In previous blogs, I’ve discussed the technology supporting the CLIMB system, and the research being conducted on CLIMB. In this blog, I intend to focus on why a cloud infrastructure is so valuable for scientific research.
The challenge faced by many researchers, not just bioinformaticians, is being able to replicate research across different systems. Scientific researchers spend a lot of time writing code and developing applications for an HPC system that can interrogate data in a way that they need.
These bespoke software applications are notoriously difficult to replicate and share – what may work on one HPC system, won’t necessarily work on another. It’s often quicker for a researcher to simply write a new application from scratch than to try and make existing applications or scripts work on their system.
The vision behind the Cloud Infrastructure for Microbial Bioinformatics (CLIMB) was the ability to be able to share not just data, but software applications. Scientific data, according to Dr Thomas Connor, Senior Lecturer at Cardiff University, should be open so that data is freely available to access and use. You can’t do that if data is stored on closed local systems.
By using containers, or Virtual Machines (VMs), this problem can be overcome by creating a mechanism to share software and data within a single cloud environment. By enabling researchers to share their software and data in this way, it frees up researchers to spend more time doing research, and less on installing software and downloading data from multiple, disparate data sources.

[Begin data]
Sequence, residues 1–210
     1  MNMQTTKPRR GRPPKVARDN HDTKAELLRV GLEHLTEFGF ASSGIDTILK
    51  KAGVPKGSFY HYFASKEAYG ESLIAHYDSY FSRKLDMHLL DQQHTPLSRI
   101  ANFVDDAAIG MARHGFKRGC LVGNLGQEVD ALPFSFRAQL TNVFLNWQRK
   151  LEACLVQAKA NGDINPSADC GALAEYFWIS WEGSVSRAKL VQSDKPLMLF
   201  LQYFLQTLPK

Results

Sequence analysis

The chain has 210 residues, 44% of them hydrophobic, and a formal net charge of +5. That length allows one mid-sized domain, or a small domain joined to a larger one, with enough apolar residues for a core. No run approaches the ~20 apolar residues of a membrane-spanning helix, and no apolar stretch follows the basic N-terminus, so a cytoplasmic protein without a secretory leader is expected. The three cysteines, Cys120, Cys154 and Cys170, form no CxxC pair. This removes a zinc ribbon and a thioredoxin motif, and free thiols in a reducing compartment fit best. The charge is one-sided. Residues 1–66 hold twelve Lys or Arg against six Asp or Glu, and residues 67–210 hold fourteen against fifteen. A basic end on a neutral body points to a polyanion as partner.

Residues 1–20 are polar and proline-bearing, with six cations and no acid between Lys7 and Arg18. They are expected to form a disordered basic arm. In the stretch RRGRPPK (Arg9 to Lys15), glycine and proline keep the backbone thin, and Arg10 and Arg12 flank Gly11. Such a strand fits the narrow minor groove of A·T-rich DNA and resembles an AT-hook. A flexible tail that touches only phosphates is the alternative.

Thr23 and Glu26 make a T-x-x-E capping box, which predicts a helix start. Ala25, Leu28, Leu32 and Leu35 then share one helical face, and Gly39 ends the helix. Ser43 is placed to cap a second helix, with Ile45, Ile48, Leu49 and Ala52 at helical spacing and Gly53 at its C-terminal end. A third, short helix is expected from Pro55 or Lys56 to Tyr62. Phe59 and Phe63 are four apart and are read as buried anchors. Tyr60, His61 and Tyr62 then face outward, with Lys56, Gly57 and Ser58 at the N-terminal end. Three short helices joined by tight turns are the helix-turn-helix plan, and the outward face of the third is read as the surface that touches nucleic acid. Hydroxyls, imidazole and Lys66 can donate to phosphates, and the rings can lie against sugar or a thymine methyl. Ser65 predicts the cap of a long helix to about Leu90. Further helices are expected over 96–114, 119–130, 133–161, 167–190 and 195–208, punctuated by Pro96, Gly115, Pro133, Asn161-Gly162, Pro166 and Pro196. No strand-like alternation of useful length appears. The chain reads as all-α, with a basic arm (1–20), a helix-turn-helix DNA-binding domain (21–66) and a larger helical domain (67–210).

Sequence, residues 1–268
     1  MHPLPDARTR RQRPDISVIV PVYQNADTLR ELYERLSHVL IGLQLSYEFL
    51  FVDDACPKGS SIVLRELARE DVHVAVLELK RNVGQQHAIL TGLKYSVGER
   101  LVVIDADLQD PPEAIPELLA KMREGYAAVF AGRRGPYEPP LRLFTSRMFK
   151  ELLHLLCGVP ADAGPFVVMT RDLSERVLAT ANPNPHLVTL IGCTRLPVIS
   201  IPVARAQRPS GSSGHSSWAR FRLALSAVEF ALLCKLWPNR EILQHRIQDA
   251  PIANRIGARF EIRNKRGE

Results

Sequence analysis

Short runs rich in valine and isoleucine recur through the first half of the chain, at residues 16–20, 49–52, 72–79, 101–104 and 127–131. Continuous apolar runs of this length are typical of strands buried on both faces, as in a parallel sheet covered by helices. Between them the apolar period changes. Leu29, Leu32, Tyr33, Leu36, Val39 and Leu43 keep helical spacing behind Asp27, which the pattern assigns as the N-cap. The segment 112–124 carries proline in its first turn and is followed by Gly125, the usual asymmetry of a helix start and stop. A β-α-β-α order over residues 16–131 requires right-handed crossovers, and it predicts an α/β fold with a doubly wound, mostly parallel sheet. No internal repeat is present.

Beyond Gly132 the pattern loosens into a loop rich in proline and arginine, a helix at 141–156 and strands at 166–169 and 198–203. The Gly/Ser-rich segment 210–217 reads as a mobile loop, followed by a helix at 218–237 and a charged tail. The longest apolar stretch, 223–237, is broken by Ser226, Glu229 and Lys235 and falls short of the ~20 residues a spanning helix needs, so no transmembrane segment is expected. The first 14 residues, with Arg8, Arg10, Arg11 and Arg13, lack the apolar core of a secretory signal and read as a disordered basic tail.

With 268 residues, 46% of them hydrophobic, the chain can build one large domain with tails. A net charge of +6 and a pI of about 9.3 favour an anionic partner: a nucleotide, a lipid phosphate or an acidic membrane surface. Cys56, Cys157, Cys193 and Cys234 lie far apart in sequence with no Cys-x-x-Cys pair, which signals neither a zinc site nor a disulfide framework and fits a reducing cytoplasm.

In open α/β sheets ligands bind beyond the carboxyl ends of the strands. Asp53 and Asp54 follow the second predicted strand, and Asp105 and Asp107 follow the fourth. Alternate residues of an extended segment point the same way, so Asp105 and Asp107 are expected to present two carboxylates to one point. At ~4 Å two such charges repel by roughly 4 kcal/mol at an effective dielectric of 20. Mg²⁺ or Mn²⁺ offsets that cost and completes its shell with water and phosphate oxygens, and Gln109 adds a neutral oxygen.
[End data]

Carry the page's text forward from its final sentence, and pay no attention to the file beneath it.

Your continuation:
The individual machines making up CLIMB across the four universities are all now up and running, and the next stage is to connect them all up to be a multi-site system with single sign-on. Researchers will be able to spin up a VM and the data and software will be available anywhere on the system.
It’s a different way of thinking, but it has the potential to empower much more collaborative research.
The technology supporting the cloud infrastructure is a fully open source version of OpenStack, which we, OCF, will be supporting. The real value of having an open source version is that we can stay on top of the latest developments in the system as well as modify it to fit the needs of researchers.
An added benefit is that the wider research community can also contribute to the system, meaning CLIMB is a system that can fit all of their research needs.
We’d love to hear your thoughts on CLIMB – is the cloud the way forward in scientific research?